You have been diagnosed with Diverticulitis or Diverticulosis – What does it mean?
Diverticulitis is a medical condition signified by an inflammation of the mucous membrane of the large intestine around tiny pockets in the membrane called diverticula. These pockets are built via an invasion of the intestinal mucosa through gaps in the muscular wall of the intestine. The frequent occurrence of such diverticula is called diverticulosis and represents the precursor of diverticulitis.
Why the pockets in the mucous membrane even occur is not quite clear, but some doctors believe that muscle spasm or the wear and tear of decades of bowel movements during normal digestion may be the causes of diverticulosis.
Commonly, diverticulosis is occurs more often in older patients and in males, but it also affects patients younger than 60 and women. In more than 95% of all cases of diverticulosis and diverticulitis the lower part of the large intestine – the colon – is affected.
How does diverticulosis turn into diverticulitis?
Diverticula are filled with stool, which in contrast to the stool in healthy intestines is not passing by, but remains stuck in these tiny pockets. There the stool may harden and put pressure on the surrounding mucosa, which over time gets damaged (the cells are pushed into necrosis). The body’s response to this happening is to activate the local immune system which results in inflammation of the surrounding area. Frequently intestinal bacteria enter the damaged tissue causing infection and further inflammation.
Diverticulitis can lead to further even life-threatening health problems such as:
- peritonitis (an inflammation of the peritoneum)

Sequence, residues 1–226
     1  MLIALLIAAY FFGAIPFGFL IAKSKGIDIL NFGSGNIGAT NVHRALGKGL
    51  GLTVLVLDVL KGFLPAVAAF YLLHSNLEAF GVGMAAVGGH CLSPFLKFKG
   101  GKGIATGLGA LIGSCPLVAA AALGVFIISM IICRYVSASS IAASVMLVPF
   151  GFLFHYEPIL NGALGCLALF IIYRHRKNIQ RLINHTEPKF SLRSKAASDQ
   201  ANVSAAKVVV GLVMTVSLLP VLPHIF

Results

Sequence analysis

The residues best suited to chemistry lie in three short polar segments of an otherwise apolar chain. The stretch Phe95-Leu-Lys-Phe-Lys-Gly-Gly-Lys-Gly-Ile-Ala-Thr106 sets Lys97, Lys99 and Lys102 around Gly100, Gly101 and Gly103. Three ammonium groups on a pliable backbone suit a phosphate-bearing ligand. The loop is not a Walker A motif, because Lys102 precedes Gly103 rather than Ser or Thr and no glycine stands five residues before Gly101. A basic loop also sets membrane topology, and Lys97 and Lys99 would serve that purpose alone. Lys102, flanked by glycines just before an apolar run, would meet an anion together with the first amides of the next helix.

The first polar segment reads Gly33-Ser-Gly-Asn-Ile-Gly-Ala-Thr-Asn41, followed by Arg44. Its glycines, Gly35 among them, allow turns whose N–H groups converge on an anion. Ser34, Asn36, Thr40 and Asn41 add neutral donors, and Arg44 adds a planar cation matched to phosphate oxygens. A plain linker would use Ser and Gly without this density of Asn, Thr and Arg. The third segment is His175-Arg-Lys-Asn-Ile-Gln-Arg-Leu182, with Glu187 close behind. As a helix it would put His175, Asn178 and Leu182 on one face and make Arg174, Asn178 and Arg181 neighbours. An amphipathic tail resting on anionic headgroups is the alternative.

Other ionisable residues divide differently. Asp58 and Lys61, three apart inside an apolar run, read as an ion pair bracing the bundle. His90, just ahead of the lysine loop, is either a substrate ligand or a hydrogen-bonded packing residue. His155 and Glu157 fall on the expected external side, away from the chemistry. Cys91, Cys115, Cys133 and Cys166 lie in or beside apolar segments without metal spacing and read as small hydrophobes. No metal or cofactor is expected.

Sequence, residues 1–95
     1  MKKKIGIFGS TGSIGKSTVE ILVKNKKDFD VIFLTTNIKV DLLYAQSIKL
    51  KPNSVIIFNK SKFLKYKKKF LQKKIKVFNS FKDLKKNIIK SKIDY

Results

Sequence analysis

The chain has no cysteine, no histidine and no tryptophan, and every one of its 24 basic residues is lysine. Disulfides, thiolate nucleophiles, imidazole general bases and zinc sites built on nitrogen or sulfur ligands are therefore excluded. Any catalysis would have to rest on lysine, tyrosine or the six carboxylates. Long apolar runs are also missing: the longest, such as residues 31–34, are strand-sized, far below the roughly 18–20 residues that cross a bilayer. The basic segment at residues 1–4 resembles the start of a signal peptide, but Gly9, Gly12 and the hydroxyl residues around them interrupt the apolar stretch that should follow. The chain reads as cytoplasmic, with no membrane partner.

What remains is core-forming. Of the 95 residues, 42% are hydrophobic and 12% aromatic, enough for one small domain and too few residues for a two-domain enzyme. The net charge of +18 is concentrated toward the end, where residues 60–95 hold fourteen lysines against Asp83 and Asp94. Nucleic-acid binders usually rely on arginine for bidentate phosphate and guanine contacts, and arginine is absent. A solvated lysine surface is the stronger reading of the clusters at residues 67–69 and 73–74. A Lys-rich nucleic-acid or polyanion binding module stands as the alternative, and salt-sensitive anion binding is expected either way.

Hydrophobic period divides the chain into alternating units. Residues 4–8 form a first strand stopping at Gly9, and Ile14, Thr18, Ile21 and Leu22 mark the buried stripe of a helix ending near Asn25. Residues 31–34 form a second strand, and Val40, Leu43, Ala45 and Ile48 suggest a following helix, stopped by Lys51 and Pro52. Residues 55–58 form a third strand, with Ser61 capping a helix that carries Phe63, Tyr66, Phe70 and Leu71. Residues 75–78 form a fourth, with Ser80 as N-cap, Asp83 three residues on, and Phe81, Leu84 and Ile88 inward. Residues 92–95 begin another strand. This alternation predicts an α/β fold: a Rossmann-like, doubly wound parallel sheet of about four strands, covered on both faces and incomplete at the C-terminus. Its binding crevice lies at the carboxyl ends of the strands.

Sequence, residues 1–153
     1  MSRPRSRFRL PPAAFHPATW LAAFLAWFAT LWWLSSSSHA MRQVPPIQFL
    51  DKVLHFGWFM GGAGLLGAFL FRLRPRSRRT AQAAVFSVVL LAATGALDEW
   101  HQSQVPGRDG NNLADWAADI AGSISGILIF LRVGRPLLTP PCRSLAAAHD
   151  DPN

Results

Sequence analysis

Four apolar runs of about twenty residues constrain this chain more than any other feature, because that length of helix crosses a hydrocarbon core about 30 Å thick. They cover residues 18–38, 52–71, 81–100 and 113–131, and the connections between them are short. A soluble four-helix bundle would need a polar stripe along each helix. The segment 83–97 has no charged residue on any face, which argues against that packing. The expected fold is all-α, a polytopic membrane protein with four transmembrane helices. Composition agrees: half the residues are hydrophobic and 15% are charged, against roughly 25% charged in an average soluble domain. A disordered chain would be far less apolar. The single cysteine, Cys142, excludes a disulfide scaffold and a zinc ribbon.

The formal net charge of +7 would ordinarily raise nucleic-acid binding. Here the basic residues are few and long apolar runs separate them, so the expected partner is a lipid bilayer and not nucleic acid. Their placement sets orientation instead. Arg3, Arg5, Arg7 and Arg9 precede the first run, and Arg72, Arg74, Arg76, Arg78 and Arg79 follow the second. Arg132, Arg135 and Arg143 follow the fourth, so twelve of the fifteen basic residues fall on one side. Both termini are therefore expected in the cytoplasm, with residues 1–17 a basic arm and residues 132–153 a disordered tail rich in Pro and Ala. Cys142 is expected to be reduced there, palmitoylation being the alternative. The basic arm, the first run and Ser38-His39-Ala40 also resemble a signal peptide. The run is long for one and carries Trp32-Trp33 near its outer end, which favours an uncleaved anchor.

- chronic or acute ileus (a blockage of the intestines), and
- inflammation of other adjacent regions such as the bladder
What are the symptoms of diverticulitis?
While diverticulosis is usually symptom-less diverticulitis is associated with various symptoms like:
- sudden onset of pain above the affected intestinal tract, most commonly in the left lower abdomen
- fever, nausea, and vomiting
- a change in stool behavior from diarrhea to constipation with pus and mucus in the stool
- bloating, and
- difficulty urinating called dysuria
What foods should you eat with diverticulosis or diverticulitis?
According to most doctors, these are the risk factors for acquiring diverticulosis and potentially diverticulitis:
- non-steroidal anti-inflammatory drugs
- lack of physical activity
- a low-fiber diet
- excessive consumption of red meat
In contrast, in addition to a change in lifestyles such as quitting to smoke and increased physical activity through sports or other means, a well-rounded diet including high-fiber produce and meat from poultry and fish reduces the risk of getting diverticulosis, or of diverticulosis turning into diverticulitis. It also has a positive effect on patients already affected by diverticulitis.